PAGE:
Planning for a time when you cannot make decisions for yourself

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1 Planning for a time when you cannot make decisions for yourself An information leaflet for members of the public Version: October 2013

2 Introduction The Mental Capacity Act 2005 allows you to plan ahead for a time in the future when you might lack the mental capacity to make decisions for yourself. A lack of mental capacity can be caused by many reasons, including: Dementia Mental health problems Brain injury Alcohol or drug misuse The side-effects of medical treatment Any other illness or disability. If you lack the mental capacity to make decisions for yourself, other people will need to make decisions in your best interests. Planning ahead allows you to have more control over how decisions are made. It allows you to set out your wishes and to decide who has the legal authority to act for you. This leaflet outlines how decisions are made if you lack the mental capacity to make them yourself, and the options available for you to plan ahead. What is mental capacity? If you have mental capacity, you are able to make decisions for yourself. The legal definition says that someone who lacks mental capacity has an impairment of the functioning of the mind or brain and cannot do one or more of the following things: Understand information given to them Retain that information long enough to be able to make a decision Weigh up the information available to make a decision Communicate their decision. This could be by talking, using sign language or by any other means. Mental capacity is time and decision specific. This means that some people may have mental capacity to make some decisions and not others, or their mental capacity to make decisions may change over time. The types of decision covered by the Mental Capacity Act 2005 range from day-today decisions about things such as what to wear or eat, as well as major decisions such as where you live, whether you should have an operation or what to do with your money and property. However, some types of decisions (such as marriage or civil partnership, divorce, adoption and voting) can never be made by another person on your behalf if you lack mental capacity. This is because these decisions or actions are either too personal to you or because other laws govern them. Version: October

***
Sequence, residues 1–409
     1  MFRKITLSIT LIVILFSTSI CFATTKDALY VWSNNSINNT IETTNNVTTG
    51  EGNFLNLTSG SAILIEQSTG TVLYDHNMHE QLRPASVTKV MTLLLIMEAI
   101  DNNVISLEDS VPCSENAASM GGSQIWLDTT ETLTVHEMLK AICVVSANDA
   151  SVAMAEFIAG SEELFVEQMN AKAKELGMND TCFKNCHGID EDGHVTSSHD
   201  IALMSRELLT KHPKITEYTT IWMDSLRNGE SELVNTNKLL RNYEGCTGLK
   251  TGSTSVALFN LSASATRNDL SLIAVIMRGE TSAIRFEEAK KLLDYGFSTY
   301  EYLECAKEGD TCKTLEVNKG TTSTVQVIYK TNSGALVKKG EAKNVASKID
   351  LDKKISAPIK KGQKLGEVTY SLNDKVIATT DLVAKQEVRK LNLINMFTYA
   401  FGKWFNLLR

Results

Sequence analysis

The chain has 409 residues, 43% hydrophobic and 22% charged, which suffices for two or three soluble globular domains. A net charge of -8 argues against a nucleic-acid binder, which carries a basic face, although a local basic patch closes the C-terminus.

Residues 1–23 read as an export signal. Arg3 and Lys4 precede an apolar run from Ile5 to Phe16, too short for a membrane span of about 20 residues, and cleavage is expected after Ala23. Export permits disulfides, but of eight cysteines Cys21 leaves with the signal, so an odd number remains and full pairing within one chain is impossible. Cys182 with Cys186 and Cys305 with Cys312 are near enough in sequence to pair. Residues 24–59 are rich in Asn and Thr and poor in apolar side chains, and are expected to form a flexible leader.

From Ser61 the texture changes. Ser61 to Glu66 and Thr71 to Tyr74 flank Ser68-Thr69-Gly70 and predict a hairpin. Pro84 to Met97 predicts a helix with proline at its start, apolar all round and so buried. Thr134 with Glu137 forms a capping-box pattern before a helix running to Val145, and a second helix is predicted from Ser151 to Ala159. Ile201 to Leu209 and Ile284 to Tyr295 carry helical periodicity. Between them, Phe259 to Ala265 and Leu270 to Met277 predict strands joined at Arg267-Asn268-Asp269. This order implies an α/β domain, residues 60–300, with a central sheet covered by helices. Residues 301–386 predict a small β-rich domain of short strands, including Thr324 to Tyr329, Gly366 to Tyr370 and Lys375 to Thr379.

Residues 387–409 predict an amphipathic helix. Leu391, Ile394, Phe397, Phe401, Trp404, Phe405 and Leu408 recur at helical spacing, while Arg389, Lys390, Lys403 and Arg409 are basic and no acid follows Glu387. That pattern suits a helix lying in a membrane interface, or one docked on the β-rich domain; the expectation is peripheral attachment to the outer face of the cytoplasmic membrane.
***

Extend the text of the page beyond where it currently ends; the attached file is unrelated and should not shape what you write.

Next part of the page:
3 Best Interests The law says that if you lack mental capacity in relation to a decision, then a decision will need to be made for you in your best interests. When someone makes a decision in your best interests they must: Consider if the decision can be delayed until you have regained the ability to make the decision, for example, this may be the case if you are recovering from an illness, learning new skills, or getting support with communicating your wishes Involve you as much as possible in decisions affecting you Try to identify all the things that you would take into account if you were making the decision Consider your wishes, feelings, values and beliefs. This includes any views you have expressed in the past that would help to understand what your wishes and feelings might be. This might be things you have said to other people, how you have behaved in similar circumstances in the past and especially things you have written down. This places you at the centre of any decision being made on your behalf Consider the views of your family members, parents, carers and other relevant people who care for you or are interested in your welfare, if this is practical and appropriate. If you have named someone particular to be consulted then their views should be sought. They must not: Make a decision based simply on your appearance, age, medical condition or behaviour Make decisions about life-sustaining treatment that are motivated by a desire to bring about your death, and they must not make assumptions about the quality of your life. If there are other relevant considerations these must also be considered. The Mental Capacity Act 2005 allows people to legally carry out certain actions to do with your care or treatment provided they have assessed that you lack mental capacity in relation to the decision and that these actions are in your best interests. This means that family members, carers and professionals can in these circumstances make decisions about your care and support needs, such as the care you need, what you wear, what you eat, where you live, what medication you take, and who you can visit. Version: October